The idea of a medical detox can be quite a scary one for anyone who is involved in active alcoholism and is afraid of stopping drinking at all, let alone having to manage the withdrawal effects of alcohol and/or any other drugs that they may be coming off.
Anyone stopping drinking who is an alcoholic is likely to have a significant level of fear about the reality of living a life without alcohol.
This may lead them to a deep form of denial about having a problem and a defence of their drinking and the need to protect their drinking from other people trying to stop them.
This is a large part of the denial of active alcoholism and one of the reasons many alcoholics will drink for significant periods of time before they begin to realise they may have a problem.
The majority of rehab is residential and offers addiction treatment programs for people who are alcoholics or addicted to very types of drugs will virtually always offer or advise some type of detox.
There are a number of rehabs who will insist that the individual has a detox before they come into rehab, but they are in the minority. The majority of rehabs will either offer a detox themselves, or have arrangements with a local clinical facility to oversee and manage the detox on their behalf.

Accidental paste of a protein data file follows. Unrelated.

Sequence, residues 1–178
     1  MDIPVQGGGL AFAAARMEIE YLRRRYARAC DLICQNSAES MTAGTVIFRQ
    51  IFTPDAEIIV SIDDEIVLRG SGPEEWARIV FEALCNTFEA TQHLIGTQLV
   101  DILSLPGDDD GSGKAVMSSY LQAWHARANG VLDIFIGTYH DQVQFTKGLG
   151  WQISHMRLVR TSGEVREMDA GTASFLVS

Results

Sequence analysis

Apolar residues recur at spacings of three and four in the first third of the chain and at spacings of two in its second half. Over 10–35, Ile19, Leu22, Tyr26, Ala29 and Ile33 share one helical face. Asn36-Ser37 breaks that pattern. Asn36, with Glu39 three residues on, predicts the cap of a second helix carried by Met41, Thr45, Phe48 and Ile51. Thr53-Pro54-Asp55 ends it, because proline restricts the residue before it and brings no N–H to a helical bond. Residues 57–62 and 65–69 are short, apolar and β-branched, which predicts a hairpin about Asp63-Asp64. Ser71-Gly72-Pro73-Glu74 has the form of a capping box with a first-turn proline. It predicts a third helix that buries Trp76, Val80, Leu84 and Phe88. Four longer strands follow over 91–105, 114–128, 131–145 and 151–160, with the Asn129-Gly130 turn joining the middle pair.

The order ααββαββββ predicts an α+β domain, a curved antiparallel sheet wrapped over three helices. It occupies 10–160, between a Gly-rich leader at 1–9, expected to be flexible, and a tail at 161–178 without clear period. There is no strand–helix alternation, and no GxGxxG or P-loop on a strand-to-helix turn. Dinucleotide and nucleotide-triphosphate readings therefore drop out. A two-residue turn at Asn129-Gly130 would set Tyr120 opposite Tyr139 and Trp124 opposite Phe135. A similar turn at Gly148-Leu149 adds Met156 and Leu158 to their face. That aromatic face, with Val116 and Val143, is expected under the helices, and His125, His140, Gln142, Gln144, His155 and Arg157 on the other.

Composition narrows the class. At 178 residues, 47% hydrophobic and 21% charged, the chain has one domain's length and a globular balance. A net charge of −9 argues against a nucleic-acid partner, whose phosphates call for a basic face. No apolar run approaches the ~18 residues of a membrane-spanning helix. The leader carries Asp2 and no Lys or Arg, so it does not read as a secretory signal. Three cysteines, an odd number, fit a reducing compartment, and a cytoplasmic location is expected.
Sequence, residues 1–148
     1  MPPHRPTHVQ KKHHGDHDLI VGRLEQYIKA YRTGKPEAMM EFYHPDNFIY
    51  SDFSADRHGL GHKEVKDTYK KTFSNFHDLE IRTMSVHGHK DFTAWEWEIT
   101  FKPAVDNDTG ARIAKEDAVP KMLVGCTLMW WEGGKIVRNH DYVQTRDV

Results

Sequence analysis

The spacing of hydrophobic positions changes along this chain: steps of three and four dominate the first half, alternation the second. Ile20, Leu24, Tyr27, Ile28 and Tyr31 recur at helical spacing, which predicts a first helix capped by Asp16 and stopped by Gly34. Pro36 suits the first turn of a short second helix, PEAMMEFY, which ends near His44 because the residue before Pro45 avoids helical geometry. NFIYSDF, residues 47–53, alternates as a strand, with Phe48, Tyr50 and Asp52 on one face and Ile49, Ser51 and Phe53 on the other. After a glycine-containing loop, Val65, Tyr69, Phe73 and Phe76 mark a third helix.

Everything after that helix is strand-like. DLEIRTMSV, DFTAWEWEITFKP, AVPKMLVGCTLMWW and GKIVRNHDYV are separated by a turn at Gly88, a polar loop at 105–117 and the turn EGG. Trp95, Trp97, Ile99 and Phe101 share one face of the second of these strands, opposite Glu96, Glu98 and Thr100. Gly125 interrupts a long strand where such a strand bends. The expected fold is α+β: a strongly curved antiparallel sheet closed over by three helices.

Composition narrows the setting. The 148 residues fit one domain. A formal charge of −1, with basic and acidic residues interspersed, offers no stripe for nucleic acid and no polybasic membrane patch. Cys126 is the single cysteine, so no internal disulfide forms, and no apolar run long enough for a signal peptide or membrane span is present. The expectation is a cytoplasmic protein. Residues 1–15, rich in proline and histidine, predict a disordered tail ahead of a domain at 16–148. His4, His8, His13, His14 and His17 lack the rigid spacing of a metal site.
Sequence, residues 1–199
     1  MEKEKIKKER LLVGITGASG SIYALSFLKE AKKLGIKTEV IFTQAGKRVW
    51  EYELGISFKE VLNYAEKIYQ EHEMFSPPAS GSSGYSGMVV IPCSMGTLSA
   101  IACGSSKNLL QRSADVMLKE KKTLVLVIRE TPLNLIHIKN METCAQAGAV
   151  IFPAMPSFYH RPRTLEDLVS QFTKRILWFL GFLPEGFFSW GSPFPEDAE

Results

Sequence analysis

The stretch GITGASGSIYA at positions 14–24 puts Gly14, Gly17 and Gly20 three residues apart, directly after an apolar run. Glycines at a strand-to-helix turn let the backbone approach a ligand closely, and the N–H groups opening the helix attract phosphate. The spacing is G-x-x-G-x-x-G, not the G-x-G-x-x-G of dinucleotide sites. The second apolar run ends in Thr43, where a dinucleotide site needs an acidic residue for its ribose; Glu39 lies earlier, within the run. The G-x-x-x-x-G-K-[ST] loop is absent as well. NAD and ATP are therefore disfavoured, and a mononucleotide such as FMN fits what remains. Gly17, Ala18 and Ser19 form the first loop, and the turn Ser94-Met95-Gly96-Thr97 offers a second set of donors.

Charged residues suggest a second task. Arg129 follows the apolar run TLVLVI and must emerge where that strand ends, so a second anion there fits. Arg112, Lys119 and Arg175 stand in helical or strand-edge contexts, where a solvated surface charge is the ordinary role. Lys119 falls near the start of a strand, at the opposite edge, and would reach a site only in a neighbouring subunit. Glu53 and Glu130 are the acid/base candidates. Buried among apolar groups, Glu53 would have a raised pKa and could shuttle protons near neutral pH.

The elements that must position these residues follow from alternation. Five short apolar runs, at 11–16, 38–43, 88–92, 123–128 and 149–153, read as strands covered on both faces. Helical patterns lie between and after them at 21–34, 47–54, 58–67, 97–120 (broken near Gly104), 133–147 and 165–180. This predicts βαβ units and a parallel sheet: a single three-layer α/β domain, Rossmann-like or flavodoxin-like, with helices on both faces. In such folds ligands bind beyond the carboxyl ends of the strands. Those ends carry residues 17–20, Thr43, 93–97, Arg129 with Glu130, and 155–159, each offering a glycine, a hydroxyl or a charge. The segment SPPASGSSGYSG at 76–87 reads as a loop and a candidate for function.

What is important for anyone entering a rehab is that the rehab has a clear understanding of the individuals own situation, in terms of their active alcoholism and their use of drugs, both description and non-prescription and for how long.
Part of the job of a rehab is to be able to undertake a risk assessment of the individual to see whether a medical detox is needed, and in order to do this it needs to employ a number of qualified medical and clinical staff who have extensive experience of alcoholism and drug addiction who can oversee such an assessment.
If such a detox is needed, and is done in the rehab, then the rehab needs to make sure that it has on-site clinical staff to manage the detox in a safe and secure manner.
The effects of a detox can vary widely, depending upon the individual’s alcoholism and drug use. Irrespective of the actual symptoms of withdrawal, the individual may well have additional fears about what such a withdrawal may involve.
Having a detox take place in a secure and safe environment can help to allay such fears, especially if there are other people around who are sober and moving forward with their lives who have also been through something similar and can help give support to the individual based on that inexperience.